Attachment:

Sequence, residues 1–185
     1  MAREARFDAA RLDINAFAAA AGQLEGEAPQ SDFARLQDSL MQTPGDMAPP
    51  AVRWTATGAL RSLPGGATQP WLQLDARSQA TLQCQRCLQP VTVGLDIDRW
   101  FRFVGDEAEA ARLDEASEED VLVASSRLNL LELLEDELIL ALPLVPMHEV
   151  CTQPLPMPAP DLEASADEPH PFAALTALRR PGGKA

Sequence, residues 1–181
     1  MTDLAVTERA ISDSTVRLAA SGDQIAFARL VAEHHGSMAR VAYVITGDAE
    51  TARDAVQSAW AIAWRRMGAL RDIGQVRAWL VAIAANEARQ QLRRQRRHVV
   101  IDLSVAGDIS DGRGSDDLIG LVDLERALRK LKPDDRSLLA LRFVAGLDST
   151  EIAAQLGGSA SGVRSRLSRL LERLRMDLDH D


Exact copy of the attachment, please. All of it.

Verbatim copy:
Sequence, residues 1–185
     1  MAREARFDAA RLDINAFAAA AGQLEGEAPQ SDFARLQDSL MQTPGDMAPP
    51  AVRWTATGAL RSLPGGATQP WLQLDARSQA TLQCQRCLQP VTVGLDIDRW
   101  FRFVGDEAEA ARLDEASEED VLVASSRLNL LELLEDELIL ALPLVPMHEV
   151  CTQPLPMPAP DLEASADEPH PFAALTALRR PGGKA

Sequence, residues 1–181
     1  MTDLAVTERA ISDSTVRLAA SGDQIAFARL VAEHHGSMAR VAYVITGDAE
    51  TARDAVQSAW AIAWRRMGAL RDIGQVRAWL VAIAANEARQ QLRRQRRHVV
   101  IDLSVAGDIS DGRGSDDLIG LVDLERALRK LKPDDRSLLA LRFVAGLDST
   151  EIAAQLGGSA SGVRSRLSRL LERLRMDLDH D